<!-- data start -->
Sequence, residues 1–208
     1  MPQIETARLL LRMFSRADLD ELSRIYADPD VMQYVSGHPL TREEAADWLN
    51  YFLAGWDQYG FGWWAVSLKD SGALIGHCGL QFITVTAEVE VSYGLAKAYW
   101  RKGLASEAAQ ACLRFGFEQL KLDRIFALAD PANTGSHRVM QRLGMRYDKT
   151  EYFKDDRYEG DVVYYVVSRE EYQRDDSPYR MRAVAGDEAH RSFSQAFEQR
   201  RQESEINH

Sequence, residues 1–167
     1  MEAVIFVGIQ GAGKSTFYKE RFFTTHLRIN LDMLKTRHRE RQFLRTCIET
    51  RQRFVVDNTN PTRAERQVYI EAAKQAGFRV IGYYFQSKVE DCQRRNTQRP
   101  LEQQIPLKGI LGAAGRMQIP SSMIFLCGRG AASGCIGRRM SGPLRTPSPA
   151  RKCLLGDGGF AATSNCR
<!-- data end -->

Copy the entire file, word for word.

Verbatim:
Sequence, residues 1–208
     1  MPQIETARLL LRMFSRADLD ELSRIYADPD VMQYVSGHPL TREEAADWLN
    51  YFLAGWDQYG FGWWAVSLKD SGALIGHCGL QFITVTAEVE VSYGLAKAYW
   101  RKGLASEAAQ ACLRFGFEQL KLDRIFALAD PANTGSHRVM QRLGMRYDKT
   151  EYFKDDRYEG DVVYYVVSRE EYQRDDSPYR MRAVAGDEAH RSFSQAFEQR
   201  RQESEINH

Sequence, residues 1–167
     1  MEAVIFVGIQ GAGKSTFYKE RFFTTHLRIN LDMLKTRHRE RQFLRTCIET
    51  RQRFVVDNTN PTRAERQVYI EAAKQAGFRV IGYYFQSKVE DCQRRNTQRP
   101  LEQQIPLKGI LGAAGRMQIP SSMIFLCGRG AASGCIGRRM SGPLRTPSPA
   151  RKCLLGDGGF AATSNCR